911 calls for fireworks-related fires in King County nearly quadrupled over last year’s July 4th celebrations.
“It’s pretty close to being in the middle of a war,” Alfonso Doce said. “It’s the worst day of the year.”
Empty fireworks litter on Doce’s street in Skyway remind him that he’s got 364 days until it happens again.
“It’s just one night that’s a complete nightmare,” he said.
Skyway’s one of 16 municipalities in King County where fireworks are still legal.
“It looks like boom city,” said King County Fire Chief Spokesperson Dave Nelson.
According to Nelson, crowds come to Skyway from cities where fireworks are banned.
Even in restricted areas, however, King County fireworks-related fire calls totaled 200 during the July 4th holiday night.
Last year, that number was just 45. Nelson attributes the increase to dry weather and the holiday falling on a Friday.
“Fireworks that damage homes, injure people, and significantly this year, we did see that,” Nelson said.
Fireworks damaged at least three homes. The homes in Snoqualmie and Skyway are uninhabitable due to the fire.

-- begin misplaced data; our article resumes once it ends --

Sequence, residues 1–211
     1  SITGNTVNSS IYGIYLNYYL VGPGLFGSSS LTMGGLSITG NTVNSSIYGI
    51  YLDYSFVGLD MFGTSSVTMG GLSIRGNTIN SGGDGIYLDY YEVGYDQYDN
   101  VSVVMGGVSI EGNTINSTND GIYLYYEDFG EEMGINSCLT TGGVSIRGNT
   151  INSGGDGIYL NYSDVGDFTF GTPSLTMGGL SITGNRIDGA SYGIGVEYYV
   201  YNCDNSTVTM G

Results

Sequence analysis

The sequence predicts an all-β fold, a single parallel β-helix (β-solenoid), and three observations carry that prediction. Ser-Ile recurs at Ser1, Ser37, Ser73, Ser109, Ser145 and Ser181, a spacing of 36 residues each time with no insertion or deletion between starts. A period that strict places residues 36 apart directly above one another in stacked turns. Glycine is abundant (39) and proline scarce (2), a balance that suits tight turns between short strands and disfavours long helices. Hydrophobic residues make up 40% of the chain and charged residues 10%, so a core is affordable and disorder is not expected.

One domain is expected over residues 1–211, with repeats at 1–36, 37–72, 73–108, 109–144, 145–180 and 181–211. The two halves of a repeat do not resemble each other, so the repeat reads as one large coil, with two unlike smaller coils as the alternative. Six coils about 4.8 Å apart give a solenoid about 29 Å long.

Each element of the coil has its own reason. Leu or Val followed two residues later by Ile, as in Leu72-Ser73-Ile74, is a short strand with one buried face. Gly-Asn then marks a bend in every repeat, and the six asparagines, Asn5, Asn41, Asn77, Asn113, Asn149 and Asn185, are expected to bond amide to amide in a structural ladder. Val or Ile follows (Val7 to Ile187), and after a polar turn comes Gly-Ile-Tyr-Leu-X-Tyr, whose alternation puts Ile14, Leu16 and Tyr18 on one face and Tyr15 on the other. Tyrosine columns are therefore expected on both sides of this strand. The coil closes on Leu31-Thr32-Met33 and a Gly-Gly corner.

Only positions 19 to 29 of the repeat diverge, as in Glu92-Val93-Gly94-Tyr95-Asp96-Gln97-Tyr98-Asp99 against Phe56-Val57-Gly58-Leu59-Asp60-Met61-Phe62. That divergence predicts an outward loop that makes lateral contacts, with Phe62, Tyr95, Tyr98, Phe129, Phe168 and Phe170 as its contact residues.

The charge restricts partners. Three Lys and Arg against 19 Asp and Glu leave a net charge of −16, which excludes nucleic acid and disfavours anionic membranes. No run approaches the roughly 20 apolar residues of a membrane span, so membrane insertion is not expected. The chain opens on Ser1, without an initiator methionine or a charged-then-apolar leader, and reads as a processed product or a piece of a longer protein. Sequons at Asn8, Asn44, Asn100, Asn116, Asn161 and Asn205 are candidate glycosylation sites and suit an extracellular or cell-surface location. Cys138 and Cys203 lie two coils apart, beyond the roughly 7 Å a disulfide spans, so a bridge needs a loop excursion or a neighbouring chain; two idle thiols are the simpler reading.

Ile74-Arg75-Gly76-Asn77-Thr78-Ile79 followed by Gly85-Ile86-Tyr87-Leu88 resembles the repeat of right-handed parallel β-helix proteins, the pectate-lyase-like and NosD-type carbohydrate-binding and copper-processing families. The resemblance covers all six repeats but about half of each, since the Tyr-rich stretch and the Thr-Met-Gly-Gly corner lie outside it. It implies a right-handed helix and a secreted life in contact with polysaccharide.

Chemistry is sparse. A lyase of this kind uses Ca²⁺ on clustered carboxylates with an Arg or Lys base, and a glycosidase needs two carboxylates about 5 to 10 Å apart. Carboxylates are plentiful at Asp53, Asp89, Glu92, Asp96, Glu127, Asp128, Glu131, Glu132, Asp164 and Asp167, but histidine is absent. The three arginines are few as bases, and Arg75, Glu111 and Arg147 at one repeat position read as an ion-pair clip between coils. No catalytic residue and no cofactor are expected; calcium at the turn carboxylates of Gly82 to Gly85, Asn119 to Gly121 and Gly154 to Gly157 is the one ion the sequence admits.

“Flames were shooting 20-30 feet above the roof line,” Snoqualmie resident Greg Harrelson said. “People were still shooting fireworks off in the neighborhood while the house is burning down. That’s really sad.”
In both Snoqualmie and Skyway, fireworks are legal. The third home damaged by fire was in Kenmore, where fireworks are banned.
Burien Police added extra fireworks patrols after complaints in past years. They tweeted all night about fines issued with citations. BPD officers confiscated nearly 200 pounds of fireworks, despite the city’s ban.
“It just drives you nuts for one night of the year,” Doce said.
Last year, Doce tried to petition the city for a fireworks ban. He may try again this year, but admits the process is overwhelming and seems rarely to have success.
“The one thing I pray for all year long is a 4th of July when there’s nobody around our neighborhood.”